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Parasympathetic nervous system functions & structure

The parasympathetic nervous system function is responsible for stimulating “rest and digestion. The feeding and reproduction” activities that occur when the body is resting, especially after eating, including sexual arousal, drooling, tearing (tears), urination and defecation.


The nerve fibers of the parasympathetic nervous system arise from the central nervous system. Specific nerves include several cranial nerves, in particular, the oculomotor nerve, the facial nerve, the laryngopharyngeal nerve, and the vagus nerve.

The three spinal nerves in the sacrum (S2-4), commonly referred to as pelvic span nerves, also act as parasympathetic nerves.



The parasympathetic nervous system function


Intravital nerve supply fibers that transmit sensory information from the internal organs of the body back to the central nervous system. These are not divided into parasympathetic and sympathetic fibers as drainage fibers: 34-35 Instead, autonomic sensory information is carried out by visceral afferents generally.


Parasympathetic nervous system function


General visceral sensations are mostly unconscious visceral motor reflexes from the hollow organs and glands that are transmitted to the CNS. While unconscious reflex arcs are usually undetectable. In some cases, they can send pain sensations to the CNS masked, like the mentioned pain. If the peritoneal cavity becomes inflamed or if the gut suddenly expands, the body will interpret the effective stimulus of pain as being somatic at first. This pain is usually not located.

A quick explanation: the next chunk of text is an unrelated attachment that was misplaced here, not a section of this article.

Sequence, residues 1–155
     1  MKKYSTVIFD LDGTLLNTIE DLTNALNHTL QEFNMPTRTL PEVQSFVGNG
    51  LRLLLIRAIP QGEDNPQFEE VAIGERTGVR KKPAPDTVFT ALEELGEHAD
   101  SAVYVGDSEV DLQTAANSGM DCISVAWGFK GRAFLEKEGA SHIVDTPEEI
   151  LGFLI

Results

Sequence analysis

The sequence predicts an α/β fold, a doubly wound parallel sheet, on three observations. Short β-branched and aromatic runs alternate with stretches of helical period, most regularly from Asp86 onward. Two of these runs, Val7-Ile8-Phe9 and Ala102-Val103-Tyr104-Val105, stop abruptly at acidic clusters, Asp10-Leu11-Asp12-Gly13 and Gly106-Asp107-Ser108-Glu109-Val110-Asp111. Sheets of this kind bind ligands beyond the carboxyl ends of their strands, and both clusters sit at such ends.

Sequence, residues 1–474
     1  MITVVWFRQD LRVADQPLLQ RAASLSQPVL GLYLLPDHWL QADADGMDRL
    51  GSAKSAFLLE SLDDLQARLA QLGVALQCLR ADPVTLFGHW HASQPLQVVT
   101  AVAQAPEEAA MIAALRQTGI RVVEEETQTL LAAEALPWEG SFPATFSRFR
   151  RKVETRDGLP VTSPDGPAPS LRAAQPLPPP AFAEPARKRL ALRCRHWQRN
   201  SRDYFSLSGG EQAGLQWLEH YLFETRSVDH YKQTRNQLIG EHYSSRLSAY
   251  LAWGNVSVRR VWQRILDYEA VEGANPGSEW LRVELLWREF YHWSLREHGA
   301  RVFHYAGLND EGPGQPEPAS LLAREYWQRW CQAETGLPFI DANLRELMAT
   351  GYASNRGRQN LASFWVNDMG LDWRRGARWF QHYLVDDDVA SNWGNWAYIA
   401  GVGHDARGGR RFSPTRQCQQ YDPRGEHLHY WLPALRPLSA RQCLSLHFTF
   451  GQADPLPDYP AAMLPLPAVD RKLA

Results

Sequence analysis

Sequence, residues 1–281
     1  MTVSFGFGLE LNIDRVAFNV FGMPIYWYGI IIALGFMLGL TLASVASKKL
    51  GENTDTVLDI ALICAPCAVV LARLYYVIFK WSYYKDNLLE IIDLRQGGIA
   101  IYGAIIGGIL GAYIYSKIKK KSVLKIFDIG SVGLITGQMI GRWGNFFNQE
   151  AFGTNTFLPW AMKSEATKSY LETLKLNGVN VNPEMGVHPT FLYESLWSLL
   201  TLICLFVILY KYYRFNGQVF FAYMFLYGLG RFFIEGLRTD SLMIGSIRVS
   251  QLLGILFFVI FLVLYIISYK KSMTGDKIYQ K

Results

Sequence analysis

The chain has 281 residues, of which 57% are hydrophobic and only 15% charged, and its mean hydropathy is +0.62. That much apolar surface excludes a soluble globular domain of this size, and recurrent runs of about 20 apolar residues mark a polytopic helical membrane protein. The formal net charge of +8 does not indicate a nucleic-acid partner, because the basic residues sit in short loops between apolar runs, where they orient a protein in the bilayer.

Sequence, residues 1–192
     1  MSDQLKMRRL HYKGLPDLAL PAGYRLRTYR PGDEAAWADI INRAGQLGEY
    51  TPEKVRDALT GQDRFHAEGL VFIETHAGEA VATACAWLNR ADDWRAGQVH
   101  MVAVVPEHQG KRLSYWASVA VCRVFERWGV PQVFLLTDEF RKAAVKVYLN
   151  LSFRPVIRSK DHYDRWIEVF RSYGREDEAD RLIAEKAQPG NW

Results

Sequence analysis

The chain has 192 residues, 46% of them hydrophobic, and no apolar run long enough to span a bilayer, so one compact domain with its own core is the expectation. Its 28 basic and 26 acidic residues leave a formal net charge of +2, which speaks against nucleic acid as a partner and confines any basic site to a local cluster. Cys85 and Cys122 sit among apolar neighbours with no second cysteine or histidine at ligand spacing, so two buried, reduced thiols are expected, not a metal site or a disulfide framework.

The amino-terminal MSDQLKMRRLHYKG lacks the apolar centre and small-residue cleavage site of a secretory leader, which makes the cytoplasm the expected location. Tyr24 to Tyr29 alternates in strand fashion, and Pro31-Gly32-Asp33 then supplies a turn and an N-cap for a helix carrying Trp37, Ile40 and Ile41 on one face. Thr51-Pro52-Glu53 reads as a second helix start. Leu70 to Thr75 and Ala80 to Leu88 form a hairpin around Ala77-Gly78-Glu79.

Vascular effects

Heart rate is largely controlled by the action of an internal pacemaker. Cardiac cells exhibit automatism because it has the ability to generate electrical activity independent of external stimulation.


In the parasympathetic nervous system function, the absence of any external stimuli, peripheral stimulation contributes to maintaining heart rate in the range of 60-100 beats per minute (bpm). At the same time, the two branches of the autonomic nervous system activity in a complementary way. It increases or slowing down the heart rate. In this context, the vagus nerve acts on the sinoatrial node, slowing its conduction, actively modulating the vagus nerve tension, respectively.


The vagus nerve plays a key role in regulating the heart rate by modulating the sinus node response, the vagus nerve tone can be quantified by examining the modulation of the heart rate caused by changes in the vagus tone.  The main mechanism of the parasympathetic nervous system for vascular and cardiac control is the so-called nasal sinus arrhythmia (RSA).

Sexual activity

Another role played by the parasympathetic nervous system is sexual activity. In males, cavernous nerves from the prostate plexus stimulate smooth muscles in fibrous tufts of rolled penile arteries to loosen. It allows the blood to fill the two corpus cavernosum and the penile spongy body.


It made them stiff to prepare for sex. action. After separating the ejaculate, sympathetic people interact with each other and cause peristalsis of the auditory canal and closure of the internal urethral sphincter to prevent sperm from entering the bladder. At the same time, Paralympics cause peristalsis of the urethral muscle.


In the parasympathetic nervous system function, the pudendal nerves cause a contraction of the tuberculous to secrete the strength of the semen. During remission, the penis becomes flabby again. In females, there is erection tissue analogous to male, but less important, which plays a large role in sexual stimulation.


PN causes secretion in the female, which reduces friction. Also in women, the parasympathetic innervate the fallopian tubes. It helps peristaltic cramps and the movement of the oocyte to the uterus for implantation. Secrets from the female genital system help in the migration of sperm. PN (and SN to a lesser extent) play an important role in reproduction.